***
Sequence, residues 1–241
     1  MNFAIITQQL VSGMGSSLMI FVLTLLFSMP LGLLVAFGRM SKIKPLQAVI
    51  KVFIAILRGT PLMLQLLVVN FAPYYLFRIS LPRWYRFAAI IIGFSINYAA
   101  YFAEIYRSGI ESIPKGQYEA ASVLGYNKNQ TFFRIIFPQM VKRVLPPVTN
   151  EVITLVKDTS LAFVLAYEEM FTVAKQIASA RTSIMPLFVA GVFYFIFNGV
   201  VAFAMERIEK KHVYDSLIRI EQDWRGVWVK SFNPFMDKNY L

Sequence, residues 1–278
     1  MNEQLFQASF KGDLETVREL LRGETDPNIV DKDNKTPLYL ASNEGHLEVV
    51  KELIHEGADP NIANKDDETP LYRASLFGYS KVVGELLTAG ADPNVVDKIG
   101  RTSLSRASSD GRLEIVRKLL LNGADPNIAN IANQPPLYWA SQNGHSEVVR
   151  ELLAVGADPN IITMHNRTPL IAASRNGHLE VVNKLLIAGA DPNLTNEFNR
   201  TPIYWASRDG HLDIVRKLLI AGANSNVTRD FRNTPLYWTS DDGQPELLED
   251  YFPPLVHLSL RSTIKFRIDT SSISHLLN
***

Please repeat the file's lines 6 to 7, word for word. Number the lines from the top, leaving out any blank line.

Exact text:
   201  VAFAMERIEK KHVYDSLIRI EQDWRGVWVK SFNPFMDKNY L

Sequence, residues 1–278